VSO means Voluntary Service Overseas. It is an international development organisation founded in 19 and they have been working in Nigeria since. They run a programme called International Citizen Service (ICS) which is funded by the UK’s Department for International Development (DFID). The programme brings together UK volunteers and In-country volunteers to work on a particular. project for 3 months. Applying to be a volunteer for the programme happened weirdly. I saw it about a month before the deadline but forgot all about it till a few days before the deadline. I wasn’t sure it wouldn’t clash with my internship period but I decided to try though. It was a rush filling it during a slow day at work and I had to stay back on the deadline day to scan it in. After submitting it just in time for the deadline I realized  that I had left a particular section blank. I was apprehensive about notifying them but for my mother and my fear of failure and regrets. I did that and they were lenient enough to allow me submit that part. I remember how jittery I felt during the interview over the phone. It was at work and I had to go into the bathroom just to get enough quiet. But the interviewers were fun and made me feel oh so comfortable. Seeing the congratulatory email made it real for me and I started getting scared. I would have to take a leave of absence from work to go for the pre placement training in a city I had never been to. I also then realized that if I took the 3-month opportunity I wouldn’t be able to make my youth service batch and the rumors flying around were that I would have to wait 6 months before I could be re mobilized. Skepticism set in but then it’s me, I love adventure and new experiences and I thought; oh well it’s an all expense paid trip and a chance to finally see Abuja. I went to Abuja and it was an exciting experience, the new volunteers and the returned volunteers and staffs of VSO were so inspiring and motivating. The project was about youth participation in governance and we were going to be the pioneer team in Ikorodu running it and ensuring a sustainable foundation for other cycles to build on. The training programme was different from what I was used to but at the same time very engaging and creative. I decided on the final day of the training that I was going to do this. I was losing 6 months but I did not care because I could see the need for the project. When I was younger, I always wanted to do development work but time and tides changed that. After the training I felt re inspired and I knew that if I did not do this I would always regret the road not travelled. I also wanted to see firsthand if change was possible and be a part of it. My expectations in joining the program were not totally selfless. I also saw it as a way to get valuable skills and work within a cross-cultural team. I also saw this as a chance to finally see if the life of a development worker was for me. I wasn’t going to get paid and the allowance was a fifth of what I would usually spend but as my sister said “put your money where your mouth is”. During the in-country orientation with the UK volunteers, I was really looking forward to my time but also had so many questions. How would it be living in a host home? the host family would be another tribe but did it matter? Would I cope with the food seeing as I am a picky eater. How can I live on the allowance?( I had promised myself I would only take a bank card with a very small fixed amount of money). How would it be without my family who I had never been away from for up to a month at a time? So many questions were running through my head………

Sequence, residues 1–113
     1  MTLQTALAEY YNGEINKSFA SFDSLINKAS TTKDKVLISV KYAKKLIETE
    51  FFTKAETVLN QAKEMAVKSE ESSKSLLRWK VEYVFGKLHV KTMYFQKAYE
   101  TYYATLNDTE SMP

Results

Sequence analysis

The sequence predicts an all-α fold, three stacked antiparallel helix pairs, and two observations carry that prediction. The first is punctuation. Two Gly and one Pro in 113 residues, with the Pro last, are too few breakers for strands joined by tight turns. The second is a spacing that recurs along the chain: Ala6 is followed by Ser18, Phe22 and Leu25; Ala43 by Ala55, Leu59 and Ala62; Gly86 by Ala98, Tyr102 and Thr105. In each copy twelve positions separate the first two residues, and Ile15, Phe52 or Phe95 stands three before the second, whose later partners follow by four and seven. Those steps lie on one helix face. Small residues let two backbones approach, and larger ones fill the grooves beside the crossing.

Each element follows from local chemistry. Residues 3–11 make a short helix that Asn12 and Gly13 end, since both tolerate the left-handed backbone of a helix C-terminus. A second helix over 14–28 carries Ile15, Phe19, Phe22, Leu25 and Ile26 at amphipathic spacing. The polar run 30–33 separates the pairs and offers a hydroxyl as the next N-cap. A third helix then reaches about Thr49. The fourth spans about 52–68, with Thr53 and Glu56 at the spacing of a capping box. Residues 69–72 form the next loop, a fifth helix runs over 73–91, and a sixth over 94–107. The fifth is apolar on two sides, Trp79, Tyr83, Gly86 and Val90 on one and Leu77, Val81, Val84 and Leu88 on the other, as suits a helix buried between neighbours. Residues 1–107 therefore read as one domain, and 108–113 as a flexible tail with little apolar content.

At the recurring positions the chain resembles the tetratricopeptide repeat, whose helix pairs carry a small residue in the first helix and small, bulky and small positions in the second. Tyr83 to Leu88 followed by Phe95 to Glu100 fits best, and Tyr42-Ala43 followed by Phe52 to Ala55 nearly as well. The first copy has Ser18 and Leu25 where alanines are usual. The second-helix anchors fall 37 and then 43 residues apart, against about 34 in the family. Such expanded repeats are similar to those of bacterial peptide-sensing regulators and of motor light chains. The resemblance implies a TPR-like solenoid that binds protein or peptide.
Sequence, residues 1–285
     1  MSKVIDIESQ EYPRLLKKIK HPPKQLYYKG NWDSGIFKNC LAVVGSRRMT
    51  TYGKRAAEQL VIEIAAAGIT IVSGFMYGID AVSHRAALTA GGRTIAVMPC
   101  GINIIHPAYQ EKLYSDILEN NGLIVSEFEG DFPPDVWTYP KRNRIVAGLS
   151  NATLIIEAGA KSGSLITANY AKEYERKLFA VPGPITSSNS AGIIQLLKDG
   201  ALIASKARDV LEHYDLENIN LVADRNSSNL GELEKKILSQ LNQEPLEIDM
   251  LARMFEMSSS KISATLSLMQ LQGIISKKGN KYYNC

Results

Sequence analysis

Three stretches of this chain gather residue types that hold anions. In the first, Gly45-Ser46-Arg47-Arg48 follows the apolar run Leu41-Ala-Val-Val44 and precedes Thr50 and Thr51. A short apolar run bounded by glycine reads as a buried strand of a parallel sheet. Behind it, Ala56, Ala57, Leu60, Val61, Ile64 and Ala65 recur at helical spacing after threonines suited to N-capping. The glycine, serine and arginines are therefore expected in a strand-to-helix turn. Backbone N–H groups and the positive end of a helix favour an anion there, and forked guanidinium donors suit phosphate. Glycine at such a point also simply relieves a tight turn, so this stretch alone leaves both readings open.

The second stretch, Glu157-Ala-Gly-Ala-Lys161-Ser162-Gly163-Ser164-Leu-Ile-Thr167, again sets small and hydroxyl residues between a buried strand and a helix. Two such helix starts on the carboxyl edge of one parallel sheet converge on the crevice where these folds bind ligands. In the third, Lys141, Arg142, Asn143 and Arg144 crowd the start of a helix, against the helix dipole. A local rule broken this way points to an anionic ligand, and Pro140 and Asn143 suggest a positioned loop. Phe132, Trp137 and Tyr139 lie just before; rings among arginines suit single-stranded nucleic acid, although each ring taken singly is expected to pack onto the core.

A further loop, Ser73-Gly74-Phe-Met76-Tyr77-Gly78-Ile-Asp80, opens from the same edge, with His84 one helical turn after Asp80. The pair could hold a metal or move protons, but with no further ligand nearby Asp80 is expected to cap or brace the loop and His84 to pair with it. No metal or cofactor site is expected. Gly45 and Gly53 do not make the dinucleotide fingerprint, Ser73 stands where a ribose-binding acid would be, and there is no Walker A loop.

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A female perspective: Review of Americanah by Jennifer Ihebunachi